Many fractals can be generated using and infinite sequence of graphs. For example, Sierpinski's Gasket could be generated by the following sequence of graphs.

Many definitions of fractal dimensions (box-counting, correlation, capacity etc.) give the fractal dimension of Sierpinski's Gasket as $\log_23 \approx 1.58$. Is there a nice way to recover this number from the graph construction. **More generally, given a sequence of self-similar graphs, can one assign a fractional dimension that makes sense with the typical definition from continuous fractals ?**

I was trying this by myself. However, all the proofs I has seen for the fractal dimension of Sierpinski's Gasket involved a definition of length. This length was defined to be of dimension $1$. How would this be extended to graphs?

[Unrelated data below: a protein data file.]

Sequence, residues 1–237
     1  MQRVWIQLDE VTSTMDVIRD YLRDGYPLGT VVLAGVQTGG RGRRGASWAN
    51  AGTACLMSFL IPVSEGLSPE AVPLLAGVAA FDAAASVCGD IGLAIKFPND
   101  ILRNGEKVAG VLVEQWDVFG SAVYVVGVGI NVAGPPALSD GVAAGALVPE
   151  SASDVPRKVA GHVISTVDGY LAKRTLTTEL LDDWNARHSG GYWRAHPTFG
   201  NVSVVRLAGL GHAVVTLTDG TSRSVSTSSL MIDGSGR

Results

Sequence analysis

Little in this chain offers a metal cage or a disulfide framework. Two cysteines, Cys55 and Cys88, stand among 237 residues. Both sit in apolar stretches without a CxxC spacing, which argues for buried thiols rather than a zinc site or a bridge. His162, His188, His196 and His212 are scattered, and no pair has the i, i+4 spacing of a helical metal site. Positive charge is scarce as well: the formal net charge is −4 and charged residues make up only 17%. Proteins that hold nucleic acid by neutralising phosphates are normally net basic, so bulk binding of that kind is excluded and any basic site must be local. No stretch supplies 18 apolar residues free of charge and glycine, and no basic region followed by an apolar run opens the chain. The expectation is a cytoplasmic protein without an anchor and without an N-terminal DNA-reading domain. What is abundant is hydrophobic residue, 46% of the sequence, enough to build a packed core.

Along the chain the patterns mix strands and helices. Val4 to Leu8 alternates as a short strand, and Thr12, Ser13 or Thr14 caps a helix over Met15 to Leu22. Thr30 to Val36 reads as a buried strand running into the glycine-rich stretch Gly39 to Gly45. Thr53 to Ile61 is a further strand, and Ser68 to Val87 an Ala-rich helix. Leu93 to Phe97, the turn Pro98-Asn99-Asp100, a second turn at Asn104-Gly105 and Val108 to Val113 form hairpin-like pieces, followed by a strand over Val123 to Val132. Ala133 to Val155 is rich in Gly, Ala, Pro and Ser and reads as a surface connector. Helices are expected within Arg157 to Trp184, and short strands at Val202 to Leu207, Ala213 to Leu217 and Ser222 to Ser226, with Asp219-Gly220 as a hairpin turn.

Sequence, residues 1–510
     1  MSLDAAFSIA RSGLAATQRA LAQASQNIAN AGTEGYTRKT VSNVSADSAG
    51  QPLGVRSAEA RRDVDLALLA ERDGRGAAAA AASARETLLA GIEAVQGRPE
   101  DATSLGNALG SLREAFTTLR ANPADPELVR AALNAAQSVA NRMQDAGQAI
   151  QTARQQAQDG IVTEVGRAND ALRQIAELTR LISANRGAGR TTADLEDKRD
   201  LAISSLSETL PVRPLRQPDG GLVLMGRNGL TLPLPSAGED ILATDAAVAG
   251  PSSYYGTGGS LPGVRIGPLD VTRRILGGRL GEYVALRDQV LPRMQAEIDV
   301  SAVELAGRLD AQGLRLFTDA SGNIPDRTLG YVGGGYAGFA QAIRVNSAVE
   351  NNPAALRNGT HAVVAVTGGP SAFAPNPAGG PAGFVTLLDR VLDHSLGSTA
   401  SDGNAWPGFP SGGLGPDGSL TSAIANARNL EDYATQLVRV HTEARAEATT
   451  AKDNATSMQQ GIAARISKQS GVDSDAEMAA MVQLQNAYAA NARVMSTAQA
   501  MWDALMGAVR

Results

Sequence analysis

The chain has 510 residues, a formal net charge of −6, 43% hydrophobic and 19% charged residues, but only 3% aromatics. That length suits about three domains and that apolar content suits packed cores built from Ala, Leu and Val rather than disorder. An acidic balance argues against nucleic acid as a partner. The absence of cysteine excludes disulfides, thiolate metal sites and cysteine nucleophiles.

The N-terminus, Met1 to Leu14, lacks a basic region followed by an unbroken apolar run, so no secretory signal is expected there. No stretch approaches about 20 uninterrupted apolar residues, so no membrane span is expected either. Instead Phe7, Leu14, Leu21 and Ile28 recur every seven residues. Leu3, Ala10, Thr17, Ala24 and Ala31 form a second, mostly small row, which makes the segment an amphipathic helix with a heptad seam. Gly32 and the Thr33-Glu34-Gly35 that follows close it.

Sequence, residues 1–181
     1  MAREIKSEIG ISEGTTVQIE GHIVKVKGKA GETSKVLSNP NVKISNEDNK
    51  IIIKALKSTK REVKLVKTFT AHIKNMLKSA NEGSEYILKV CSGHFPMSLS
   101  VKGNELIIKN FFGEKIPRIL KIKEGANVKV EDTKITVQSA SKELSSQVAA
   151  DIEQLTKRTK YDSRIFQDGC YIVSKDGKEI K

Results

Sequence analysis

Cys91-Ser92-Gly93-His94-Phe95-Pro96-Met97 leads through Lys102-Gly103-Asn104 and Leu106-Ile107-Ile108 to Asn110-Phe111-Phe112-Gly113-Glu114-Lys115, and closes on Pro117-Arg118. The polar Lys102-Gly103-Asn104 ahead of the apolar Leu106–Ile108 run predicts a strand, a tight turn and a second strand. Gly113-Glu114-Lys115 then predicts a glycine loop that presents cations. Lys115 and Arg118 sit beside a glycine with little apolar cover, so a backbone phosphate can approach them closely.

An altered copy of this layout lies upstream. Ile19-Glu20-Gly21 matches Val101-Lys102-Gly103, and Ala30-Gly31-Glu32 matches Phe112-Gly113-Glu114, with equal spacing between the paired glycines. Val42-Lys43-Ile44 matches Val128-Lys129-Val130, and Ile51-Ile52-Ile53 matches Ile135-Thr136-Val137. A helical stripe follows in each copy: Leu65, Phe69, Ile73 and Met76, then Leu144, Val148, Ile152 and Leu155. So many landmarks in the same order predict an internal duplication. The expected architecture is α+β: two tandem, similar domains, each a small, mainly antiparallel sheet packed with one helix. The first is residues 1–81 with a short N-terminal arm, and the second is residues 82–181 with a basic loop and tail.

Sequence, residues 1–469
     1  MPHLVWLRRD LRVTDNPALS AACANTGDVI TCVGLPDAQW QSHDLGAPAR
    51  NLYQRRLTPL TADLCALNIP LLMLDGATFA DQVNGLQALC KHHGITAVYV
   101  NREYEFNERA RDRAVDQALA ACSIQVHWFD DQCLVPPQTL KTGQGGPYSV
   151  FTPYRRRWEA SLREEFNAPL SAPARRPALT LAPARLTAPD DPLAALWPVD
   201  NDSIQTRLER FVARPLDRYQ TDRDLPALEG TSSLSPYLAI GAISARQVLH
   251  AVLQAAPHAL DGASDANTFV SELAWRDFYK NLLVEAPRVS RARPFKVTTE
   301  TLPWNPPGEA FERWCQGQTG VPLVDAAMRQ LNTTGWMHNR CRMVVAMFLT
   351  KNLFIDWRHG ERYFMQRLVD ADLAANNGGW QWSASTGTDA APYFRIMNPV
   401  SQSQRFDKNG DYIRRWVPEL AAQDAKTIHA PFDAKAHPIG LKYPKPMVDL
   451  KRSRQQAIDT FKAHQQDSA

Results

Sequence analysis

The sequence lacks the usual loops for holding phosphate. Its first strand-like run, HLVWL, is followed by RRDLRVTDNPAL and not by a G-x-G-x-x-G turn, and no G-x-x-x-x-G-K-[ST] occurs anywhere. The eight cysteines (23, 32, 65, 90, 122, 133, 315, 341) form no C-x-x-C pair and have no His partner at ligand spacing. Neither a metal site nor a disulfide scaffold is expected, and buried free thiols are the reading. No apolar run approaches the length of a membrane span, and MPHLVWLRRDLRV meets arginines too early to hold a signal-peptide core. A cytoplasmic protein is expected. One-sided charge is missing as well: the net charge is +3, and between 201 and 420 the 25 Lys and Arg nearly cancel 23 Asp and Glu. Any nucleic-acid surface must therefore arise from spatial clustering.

My idea was simply to use the diameter of a graph as a base one-dimensional measure. This works wonderfully with the Sierpinski Gasket. However, consider the following sequence of graphs. Let $G_1$ just be $4$ points arranged in a cycle. Now to construct $G_n$ we have the following algorithm:

- Arrange $4$ $G_{n - 1}$ graphs in a square.
- Call two of the $G_{n - 1}$ graphs adjacent if they are not diagonally opposite.
- Given a point $A$ connect it to the corresponding point in both of the adjacent $G_{n - 1}$ graphs.

In this case, using diameter does not work because the diameter of $G_n$ is only $2$ more than the diameter of $G_{n - 1}$. On the other hand, the number of vertices has quadrupled. This is different from the Sierpinski Gasket in that the number of points roughly triples between consecutive Sierpinski graphs. However, the diameter doubles. **How should a one-dimensional measure be defined? Or is this the wrong approach entirely?**

**Is there an intuitive meaning to the dimension of a self-similar graph?**